So the general population has been twisted over a half century toward the dark side by this cultural shift, however, most of us are not in a position where it does much damage to other people directly. But the military leaders are a special breed all their own. There is a special mentality of people who are attracted to that kind of role in life and work toward the goal of working in those kinds of positions. It's easy for us to feel morally superior to them, but we have to keep in mind that our morals are not tested like theirs are on a daily basis. We are not tempted by the dark side so much, so often, so deeply. There are some stories about decisions they made in the 40's 50's and 60's that run chills up my spine. Testing aerial drops of chemical and biological weapons on American cities just to watch the dispersion patterns and contagion proliferation speeds and direction, for example. My older co-worker told me some horror stories about decisions he made in Vietnam as a Lieutenant-Colonel in the Marines then. As he explains it, anyone not born in America was easy gun fodder for them. It was no more than paperwork to them. The only reason for NOT killing other friendlies, was to avoid the reports and paperwork later. As people, they meant nothing to them. They were like trees to be cut down to make passage. Sadly, I think he STILL feels that way even today. His moral compass was so far skewed back then, that he still doesn't have an appreciation for people who are not American-born as human beings and deserving of life and human rights.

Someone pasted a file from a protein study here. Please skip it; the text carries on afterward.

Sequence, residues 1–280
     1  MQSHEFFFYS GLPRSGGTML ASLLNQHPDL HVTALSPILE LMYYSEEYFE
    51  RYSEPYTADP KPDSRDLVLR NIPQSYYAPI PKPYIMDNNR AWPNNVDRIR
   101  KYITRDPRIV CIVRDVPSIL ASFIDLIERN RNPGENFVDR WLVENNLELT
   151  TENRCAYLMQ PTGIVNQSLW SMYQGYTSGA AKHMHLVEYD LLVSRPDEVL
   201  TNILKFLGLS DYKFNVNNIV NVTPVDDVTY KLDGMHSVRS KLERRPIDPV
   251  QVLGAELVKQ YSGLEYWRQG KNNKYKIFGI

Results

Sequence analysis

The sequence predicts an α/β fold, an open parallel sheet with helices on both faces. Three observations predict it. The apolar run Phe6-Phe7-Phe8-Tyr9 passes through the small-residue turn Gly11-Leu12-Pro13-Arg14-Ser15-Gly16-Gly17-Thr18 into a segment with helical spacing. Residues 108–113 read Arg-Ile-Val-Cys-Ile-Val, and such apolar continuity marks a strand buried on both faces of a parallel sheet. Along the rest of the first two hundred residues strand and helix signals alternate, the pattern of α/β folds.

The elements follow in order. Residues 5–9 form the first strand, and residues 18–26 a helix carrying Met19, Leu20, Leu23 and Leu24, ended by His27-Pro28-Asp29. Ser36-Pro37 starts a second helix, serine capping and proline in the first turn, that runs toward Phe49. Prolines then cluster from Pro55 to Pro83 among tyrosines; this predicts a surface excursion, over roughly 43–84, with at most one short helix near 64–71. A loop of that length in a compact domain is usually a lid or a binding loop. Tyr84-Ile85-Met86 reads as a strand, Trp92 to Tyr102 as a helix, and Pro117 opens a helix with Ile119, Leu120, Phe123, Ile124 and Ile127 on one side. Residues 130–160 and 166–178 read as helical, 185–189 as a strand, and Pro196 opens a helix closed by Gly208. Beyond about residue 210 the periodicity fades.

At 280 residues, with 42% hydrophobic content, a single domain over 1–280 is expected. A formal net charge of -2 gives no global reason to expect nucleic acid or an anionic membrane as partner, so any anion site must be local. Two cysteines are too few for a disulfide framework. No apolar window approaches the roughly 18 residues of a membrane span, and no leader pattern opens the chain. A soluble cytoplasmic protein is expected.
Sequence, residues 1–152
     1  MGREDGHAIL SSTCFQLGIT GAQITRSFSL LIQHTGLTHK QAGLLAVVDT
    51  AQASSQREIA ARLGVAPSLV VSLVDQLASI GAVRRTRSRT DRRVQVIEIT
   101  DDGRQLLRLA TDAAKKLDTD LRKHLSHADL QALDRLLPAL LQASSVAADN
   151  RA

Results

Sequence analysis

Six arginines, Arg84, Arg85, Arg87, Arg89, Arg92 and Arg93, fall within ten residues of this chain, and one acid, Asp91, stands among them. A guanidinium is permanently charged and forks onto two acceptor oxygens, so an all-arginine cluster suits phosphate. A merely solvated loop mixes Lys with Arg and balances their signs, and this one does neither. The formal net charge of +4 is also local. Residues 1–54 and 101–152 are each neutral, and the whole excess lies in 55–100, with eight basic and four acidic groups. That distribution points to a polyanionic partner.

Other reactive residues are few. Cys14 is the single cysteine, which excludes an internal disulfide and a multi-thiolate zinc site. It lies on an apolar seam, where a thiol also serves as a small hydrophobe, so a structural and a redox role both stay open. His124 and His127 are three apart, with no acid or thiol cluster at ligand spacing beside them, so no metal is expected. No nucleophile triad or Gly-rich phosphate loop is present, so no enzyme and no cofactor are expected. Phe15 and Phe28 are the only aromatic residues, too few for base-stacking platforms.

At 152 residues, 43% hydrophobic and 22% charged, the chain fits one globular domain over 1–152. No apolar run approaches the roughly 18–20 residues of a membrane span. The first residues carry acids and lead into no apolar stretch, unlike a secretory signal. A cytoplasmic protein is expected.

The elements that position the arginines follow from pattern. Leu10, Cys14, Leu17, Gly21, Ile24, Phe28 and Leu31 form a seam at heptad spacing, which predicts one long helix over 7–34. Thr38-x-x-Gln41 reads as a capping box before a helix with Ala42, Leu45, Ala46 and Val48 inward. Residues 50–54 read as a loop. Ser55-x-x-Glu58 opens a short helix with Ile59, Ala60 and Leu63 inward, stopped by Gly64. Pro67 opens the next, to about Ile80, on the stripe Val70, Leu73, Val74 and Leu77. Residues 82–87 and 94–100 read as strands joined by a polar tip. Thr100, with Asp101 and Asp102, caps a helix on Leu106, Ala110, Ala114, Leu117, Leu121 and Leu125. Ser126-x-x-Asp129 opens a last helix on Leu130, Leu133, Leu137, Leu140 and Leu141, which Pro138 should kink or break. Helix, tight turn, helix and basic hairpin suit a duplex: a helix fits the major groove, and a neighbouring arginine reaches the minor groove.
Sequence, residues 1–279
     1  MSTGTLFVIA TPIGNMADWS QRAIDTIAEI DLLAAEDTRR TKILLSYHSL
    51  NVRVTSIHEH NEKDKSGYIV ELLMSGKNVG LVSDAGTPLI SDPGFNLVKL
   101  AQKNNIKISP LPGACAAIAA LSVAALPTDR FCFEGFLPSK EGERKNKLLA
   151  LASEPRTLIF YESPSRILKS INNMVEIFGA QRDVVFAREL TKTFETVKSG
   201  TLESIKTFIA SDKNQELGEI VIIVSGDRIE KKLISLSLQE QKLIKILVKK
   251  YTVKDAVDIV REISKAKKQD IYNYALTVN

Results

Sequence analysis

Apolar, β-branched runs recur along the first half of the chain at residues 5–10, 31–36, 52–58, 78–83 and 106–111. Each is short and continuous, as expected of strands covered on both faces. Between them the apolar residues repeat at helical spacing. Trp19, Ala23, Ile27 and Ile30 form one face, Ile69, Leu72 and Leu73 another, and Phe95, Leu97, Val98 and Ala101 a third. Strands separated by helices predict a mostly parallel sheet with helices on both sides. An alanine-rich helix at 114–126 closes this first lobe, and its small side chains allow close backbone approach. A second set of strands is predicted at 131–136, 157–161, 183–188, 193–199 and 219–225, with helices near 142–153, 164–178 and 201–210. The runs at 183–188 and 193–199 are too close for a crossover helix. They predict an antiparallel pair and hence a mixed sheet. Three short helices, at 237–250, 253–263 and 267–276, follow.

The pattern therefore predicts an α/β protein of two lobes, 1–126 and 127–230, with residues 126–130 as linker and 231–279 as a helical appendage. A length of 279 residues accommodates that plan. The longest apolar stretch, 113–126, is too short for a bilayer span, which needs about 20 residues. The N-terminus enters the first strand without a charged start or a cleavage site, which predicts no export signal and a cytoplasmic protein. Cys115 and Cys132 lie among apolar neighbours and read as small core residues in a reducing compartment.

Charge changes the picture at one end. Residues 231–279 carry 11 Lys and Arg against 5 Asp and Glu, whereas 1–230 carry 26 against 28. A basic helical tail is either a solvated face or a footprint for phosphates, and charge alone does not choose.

Consider this one:
Think back to the Manhattan project during World War II. That was a group of about 100 physicists working for Robert Oppenheimer at Los Alamos, New Mexico. Their goal was to create the first nuclear bomb.

Dr. Richard Feynman was one of the more prominent scientists on that team. In one of his books, he describes a frightening decision made by the military at the time. Once they had finished the prototype, the scientists explained to the military leaders that the bomb worked so efficiently because it causes a chain reaction in the atmosphere. The air itself actually catches on fire. Take a close look next time you see a mushroom cloud from a nuclear test and you will see those flames up in the air, under the main bloom of the mushroom cloud.